Caleb is more alert and recognizes Phil and I. There is always a concern for damage with the large amounts of abuse their bodies take from the bypass, lower oxygen saturations, heavy drugs, etc. We think that Caleb's neurological function is fine.

Caleb is up to full volume for feeding. He is actually getting 10 mL more milk per feeding than he was at home. He seems to be tolerating it well. He did spit up some tonight, but it could just be that he is getting fed faster than he is used to or it could be that he is a baby and sometimes babies spit up.

Tonight, Caleb's morphine will be weaned again - from 30 to 20. The nurses all know that he had problems weaning before, so they are being extra vigilant with his pain control. They are using the tylenol and oxycodone so hopefully we can avoid the additional doses of morphine that he got last time. So far, this has been going very well.

The plan for tomorrow is to switch his IV diuretics over to oral and start adding the extra formula to his milk to increase it from 20 calories per ounce to 22 calories per ounce.

If things look good tomorrow - if he is not too agitated from the morphine wean, if his diuretics switch is working, if his electrolyte imbalances can be controlled with oral methods and his blood pressure stays where they want it - they may remove the lines in his heart tomorrow. This will also allow them to remove his chest tubes if the lines in his heart come out without causing bleeding. Tomorrow could be a very interesting day. Maybe you can get better at having heart surgery with practice!

Friday, January 21, 2011

Friday, January 21, 2011

Today was another good day. One of Caleb's sedatives was weaned this morning and his morphine will be weaned tonight. As fas as I can tell, we have at least three more days of morphine weans - assuming Caleb is not "dependent" and doesn't require a complex wean like last time.

Caleb's blood pressure is still higher, but he did not have to go back on the second blood pressure medicine. We are now in the process of converting his IV medication to the correct dose of the oral medication.

One of Caleb's diuretics was discontinued and an oral diuretic was added. Now we are on only one IV diuretic.

Caleb is still doing well off the ventilator. When I got to the hospital this morning, I was ready for CPAP or even the ventilator, but Caleb is doing great. Over the course of the day, he was weaned down to 21% oxygen (room air) at a volume of 3 liters. This is a reduction from 35% oxygen at 6 liters. His left lung is looking even better today than it was yesterday.

Caleb slept a good portion of the day, but he was awake and not screaming for a while. He did throw a couple of big fits, but I think he is mad and sore. I would throw a fit too. He is still really out of it, but hopefully that will change as the sedative and morphine levels are reduced. I don't think his head is pounding nearly as bad as it was before, so hopefully when the morphine is reduced, he won't be miserable. They have been able to use tylenol and oxycodone to control his pain - no extra doses of morphine like last time.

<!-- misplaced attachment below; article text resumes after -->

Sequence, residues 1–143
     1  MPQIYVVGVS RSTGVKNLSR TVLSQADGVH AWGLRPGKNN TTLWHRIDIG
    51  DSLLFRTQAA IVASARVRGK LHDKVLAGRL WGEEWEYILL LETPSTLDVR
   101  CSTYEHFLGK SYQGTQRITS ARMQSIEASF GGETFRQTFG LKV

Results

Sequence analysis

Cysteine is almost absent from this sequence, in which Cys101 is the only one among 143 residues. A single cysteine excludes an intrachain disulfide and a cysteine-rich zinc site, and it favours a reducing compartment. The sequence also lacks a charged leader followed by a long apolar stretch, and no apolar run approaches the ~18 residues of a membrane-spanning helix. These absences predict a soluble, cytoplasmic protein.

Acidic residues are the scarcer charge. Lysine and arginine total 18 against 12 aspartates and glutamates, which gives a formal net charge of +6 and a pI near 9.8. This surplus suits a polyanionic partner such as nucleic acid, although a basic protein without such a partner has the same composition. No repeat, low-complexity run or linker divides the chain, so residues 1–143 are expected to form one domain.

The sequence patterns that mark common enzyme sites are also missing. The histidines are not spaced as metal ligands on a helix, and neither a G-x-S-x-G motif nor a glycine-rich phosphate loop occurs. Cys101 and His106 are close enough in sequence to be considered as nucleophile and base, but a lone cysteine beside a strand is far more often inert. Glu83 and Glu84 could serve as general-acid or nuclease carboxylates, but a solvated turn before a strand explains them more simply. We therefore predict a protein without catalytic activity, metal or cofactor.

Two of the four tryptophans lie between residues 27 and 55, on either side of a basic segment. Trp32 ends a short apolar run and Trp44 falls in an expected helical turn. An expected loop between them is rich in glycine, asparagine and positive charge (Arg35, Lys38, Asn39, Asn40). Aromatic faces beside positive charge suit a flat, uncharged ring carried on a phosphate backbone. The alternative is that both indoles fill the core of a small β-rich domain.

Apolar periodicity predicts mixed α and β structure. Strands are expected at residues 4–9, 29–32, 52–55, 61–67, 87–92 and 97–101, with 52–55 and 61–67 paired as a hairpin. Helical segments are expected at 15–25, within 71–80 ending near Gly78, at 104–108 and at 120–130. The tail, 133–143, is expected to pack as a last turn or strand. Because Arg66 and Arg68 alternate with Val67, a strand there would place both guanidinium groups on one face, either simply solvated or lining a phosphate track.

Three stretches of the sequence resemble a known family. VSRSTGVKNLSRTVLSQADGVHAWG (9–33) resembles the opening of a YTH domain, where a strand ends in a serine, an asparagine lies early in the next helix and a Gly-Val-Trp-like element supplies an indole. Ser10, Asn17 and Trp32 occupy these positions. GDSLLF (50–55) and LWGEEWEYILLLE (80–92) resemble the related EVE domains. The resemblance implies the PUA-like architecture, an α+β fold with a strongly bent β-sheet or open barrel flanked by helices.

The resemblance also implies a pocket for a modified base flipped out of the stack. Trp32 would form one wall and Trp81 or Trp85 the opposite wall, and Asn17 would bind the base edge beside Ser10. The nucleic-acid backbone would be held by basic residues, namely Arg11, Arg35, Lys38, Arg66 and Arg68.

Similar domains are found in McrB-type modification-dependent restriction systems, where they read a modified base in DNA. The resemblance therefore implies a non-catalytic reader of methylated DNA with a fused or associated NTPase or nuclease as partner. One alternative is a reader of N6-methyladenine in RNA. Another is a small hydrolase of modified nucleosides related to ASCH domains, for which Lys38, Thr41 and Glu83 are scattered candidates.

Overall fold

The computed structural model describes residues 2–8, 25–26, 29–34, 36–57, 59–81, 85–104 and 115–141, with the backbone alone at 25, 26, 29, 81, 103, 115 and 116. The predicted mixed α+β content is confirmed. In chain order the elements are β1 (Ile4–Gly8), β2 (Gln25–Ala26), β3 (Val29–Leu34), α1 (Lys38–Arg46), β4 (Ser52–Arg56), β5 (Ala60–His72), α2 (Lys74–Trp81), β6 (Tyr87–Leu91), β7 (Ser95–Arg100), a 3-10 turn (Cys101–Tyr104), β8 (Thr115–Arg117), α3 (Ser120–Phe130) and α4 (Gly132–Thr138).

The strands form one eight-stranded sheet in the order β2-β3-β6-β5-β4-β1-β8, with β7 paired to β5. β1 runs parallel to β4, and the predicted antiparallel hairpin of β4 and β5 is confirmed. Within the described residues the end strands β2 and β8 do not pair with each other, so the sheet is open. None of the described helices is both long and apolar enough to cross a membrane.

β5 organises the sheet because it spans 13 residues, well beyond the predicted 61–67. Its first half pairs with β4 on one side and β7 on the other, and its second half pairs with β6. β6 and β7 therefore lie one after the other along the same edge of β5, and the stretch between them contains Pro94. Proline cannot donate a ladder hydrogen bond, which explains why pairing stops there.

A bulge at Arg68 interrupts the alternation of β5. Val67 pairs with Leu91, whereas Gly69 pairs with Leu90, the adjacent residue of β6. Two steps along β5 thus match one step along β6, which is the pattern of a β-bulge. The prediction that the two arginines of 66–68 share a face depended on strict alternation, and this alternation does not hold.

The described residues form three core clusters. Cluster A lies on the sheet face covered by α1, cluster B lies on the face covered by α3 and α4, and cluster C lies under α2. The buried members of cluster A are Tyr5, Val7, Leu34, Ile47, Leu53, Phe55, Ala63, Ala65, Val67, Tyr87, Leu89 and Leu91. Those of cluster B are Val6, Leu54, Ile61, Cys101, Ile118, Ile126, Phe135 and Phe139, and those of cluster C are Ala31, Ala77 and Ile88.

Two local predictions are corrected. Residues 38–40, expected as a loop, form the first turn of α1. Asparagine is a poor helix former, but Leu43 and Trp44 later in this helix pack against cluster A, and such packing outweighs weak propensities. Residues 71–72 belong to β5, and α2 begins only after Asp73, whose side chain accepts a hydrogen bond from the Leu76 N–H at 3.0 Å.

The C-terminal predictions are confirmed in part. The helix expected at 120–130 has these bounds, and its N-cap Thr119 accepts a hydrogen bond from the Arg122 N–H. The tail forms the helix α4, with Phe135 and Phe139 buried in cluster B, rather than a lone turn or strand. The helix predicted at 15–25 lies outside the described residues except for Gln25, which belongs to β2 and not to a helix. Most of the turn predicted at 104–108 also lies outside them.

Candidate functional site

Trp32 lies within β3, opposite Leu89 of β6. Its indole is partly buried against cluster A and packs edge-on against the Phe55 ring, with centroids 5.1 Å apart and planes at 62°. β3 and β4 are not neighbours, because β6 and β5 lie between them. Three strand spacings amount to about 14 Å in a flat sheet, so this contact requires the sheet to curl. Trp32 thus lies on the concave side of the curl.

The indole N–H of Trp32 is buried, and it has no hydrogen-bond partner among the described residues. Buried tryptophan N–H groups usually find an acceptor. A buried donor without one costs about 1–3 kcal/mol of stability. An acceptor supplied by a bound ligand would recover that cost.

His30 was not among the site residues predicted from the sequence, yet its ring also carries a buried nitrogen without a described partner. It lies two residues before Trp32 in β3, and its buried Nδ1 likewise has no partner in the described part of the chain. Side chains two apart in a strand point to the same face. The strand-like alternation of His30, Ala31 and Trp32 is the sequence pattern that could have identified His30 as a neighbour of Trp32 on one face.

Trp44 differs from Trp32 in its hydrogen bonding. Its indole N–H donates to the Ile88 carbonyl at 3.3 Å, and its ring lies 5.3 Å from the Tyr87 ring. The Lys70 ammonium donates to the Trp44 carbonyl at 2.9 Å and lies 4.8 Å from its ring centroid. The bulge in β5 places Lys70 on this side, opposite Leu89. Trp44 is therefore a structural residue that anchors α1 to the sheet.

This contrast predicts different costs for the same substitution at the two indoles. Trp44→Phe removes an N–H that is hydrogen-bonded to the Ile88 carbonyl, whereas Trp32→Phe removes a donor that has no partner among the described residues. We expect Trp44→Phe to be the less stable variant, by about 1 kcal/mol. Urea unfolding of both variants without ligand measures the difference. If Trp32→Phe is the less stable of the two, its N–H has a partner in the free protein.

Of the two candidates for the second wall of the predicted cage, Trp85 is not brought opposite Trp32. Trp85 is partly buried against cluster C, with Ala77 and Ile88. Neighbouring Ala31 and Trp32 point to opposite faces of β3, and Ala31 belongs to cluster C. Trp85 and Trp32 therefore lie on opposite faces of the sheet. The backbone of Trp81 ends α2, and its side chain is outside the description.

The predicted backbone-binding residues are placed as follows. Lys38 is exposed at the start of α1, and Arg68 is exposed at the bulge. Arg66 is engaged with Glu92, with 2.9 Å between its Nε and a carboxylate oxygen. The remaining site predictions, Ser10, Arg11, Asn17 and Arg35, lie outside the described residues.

We got moved to a different bed today. This bed is usually a "double", two babies for one nurse. This means Caleb is getting better and easier to take care of. If it weren't for his lines directly into his heart, we would go out to Moderate Care tomorrow. As far as I can tell, if we don't hit any major snags, we are just going to limp along and avoid putting in a new line through his liver. Hopefully he keeps moving along well and stays happy, because we still can't hold him.

Phil and the kids came to Ann Arbor tonight. Caleb is still pretty boring to the kids because he is asleep and they can't hold him. Phil got to spend some time with him after supper tonight and catch up with their boy bonding time.

Thursday, January 20, 2011

Thursday, January 20, 2011

When I got to the hospital this morning, I found out that Caleb's blood pressure had increased overnight and he was on a new medicine for high blood pressure. The medicine worked, but it required some tweaking throughout the night. By this afternoon, they were able to wean him off the medicine.

Caleb's chest x-ray looked much better and he was finishing up his second sprint when I got there. The bloody secretions have also stopped. At rounds, it was decided to sprint him one more time and if everything looked good, they would extubate this afternoon. Caleb passed with flying colors and was extubated around 1:00 pm. They put him right on high flow because of his past history. I had no problem with that because the bottom lobe of his left lung had not fully inflated and the high flow should help reduce the potential for further collapse.

Because he is off the ventilator, they were able to start feeding him tonight. He had his first breastmilk at 7:00 pm. They will give him 25 mL feedings every three hours to start. If this goes well, they will increase his feedings by 16 mL every two feedings. If there are no hiccups, he should be to full feedings by Saturday morning. Based on our past history and his family history, full feedings should make him much happier.

Caleb threw a major fit when the nurse put in his NG tube and he required some supplemental oxygen. He turned a bright blue/purple color and went back to his breath holding trick. He did not lose his cry from the ventilator. He is only at about 50% volume, but he is at 100% anger. Once he settled back down, his oxygen saturations went back to acceptable levels.

The diuretics are working well and we have not had to work nearly as hard as last time to get him to pee. They removed his catheter today, so now we are one line down. Like last time, he has required a lot of potassium to replace what he is losing. At least when his potassium is low, it is not causing weird heart rhythms.